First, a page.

Wednesday, October 24, 2012

An Interview with the Missouri Pastor Whose Testimony to Springfield's City Council Has Gone Viral

A brief follow-up to my recent posting of a video that has now gone viral, in which Pastor Phil Snider addresses the Springfield, Missouri, city council about an ordinance to prohibit discrimination against LGBT citizens of that community (the ordinance has now been tabled, by the way): 

At Religion Dispatches, Sarah Morice-Brubaker interviews Phil Snider, who is, she notes, a graduate of her own seminary, Phillips Theological Seminary.  As he tells Morice-Brubaker, he has been on a spiritual journey as a pastor, which has led him to stand in solidarity with LGBT people whom he formerly tended to view from the optic of sin:

I used to think about homosexuality as a sin along the same lines of alcoholism or adultery (and I should “love the sinner but hate the sin”), but after a while even that didn’t add up in my mind. For instance, if one is an alcoholic, and gives up drinking, one’s life improves, it gets better. And if in a relationship neither partner cheats on the other, well, obviously, that’s much healthier for the relationship.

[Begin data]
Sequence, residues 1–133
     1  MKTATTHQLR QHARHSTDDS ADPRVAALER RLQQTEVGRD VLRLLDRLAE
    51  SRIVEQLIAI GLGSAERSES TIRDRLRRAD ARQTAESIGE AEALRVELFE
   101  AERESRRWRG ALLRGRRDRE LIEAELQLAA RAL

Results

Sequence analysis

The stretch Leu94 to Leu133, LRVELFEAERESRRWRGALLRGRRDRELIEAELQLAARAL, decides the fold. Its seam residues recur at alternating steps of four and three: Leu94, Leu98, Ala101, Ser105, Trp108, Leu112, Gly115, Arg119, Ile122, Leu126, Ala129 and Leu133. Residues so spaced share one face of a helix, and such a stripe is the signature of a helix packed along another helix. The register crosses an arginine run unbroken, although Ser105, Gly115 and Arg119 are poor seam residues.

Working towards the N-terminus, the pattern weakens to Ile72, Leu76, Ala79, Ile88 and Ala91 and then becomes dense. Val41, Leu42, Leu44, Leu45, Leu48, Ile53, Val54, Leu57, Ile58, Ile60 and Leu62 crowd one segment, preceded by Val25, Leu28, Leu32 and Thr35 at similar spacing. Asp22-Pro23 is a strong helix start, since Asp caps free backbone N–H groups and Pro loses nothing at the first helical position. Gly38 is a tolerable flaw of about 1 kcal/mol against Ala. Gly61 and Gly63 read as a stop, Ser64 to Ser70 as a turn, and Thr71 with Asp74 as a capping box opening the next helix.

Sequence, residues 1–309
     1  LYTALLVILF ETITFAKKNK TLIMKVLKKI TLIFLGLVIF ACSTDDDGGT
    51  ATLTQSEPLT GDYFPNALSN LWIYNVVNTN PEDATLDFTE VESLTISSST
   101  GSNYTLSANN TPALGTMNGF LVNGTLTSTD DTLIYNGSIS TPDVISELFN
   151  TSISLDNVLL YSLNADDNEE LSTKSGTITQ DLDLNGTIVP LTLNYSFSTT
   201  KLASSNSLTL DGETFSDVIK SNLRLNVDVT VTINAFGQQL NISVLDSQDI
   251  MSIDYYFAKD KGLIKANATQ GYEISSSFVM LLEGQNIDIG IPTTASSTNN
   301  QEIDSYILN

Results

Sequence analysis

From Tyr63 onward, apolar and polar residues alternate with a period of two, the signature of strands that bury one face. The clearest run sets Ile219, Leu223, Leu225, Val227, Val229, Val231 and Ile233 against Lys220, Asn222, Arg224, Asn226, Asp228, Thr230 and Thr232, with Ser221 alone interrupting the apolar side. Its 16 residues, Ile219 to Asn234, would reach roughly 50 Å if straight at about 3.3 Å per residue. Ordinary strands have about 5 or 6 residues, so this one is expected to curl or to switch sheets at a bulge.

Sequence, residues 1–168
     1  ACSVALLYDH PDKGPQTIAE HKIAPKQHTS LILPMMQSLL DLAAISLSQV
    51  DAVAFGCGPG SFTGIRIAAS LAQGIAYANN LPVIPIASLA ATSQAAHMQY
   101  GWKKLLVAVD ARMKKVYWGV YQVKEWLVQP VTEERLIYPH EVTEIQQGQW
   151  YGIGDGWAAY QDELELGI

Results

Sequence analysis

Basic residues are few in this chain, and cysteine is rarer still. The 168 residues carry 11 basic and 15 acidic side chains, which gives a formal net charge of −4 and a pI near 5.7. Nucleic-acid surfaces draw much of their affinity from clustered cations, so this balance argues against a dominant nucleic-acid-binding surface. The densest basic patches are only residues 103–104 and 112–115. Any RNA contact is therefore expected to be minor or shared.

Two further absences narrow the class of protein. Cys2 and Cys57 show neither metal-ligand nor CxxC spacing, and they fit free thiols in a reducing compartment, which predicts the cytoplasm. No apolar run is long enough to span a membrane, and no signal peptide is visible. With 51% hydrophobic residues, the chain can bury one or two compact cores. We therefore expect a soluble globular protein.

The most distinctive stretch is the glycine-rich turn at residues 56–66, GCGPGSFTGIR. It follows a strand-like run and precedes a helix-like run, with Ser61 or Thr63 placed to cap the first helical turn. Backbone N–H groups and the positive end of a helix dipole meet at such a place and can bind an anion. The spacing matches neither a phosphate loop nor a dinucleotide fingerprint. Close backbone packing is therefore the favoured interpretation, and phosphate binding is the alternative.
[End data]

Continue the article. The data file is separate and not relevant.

But throughout the course of my pastoral ministry, I started to notice that people who are gay don’t tend to get better over time when they try to renounce their sexuality. I know several people who have gone to counseling to try to become straight, or have literally had people pray in exorcism fashion for their “gay” demons to leave them, but none of it worked. 
Then I started to notice that the gay people I knew who were most healthy were actually the ones who had come to terms with their sexuality and didn’t try to repress or ask God to change it, but had accepted it as part of who God created them to be. And I started to think that people don’t choose to be gay any more than I chose to be straight. Why in the world would someone choose to go through such heartache and pain? It didn’t make sense to me.

I find this testimony powerful.  And I hope more people are willing to listen carefully to it--especially in communities of faith, where too many people remain stuck at that  "love the sinner but hate the sin" step.  And where they haven't thought enough or listened carefully enough to realize that their pretense to be about love just doesn't make sense--as Pastor Snider bluntly concludes.

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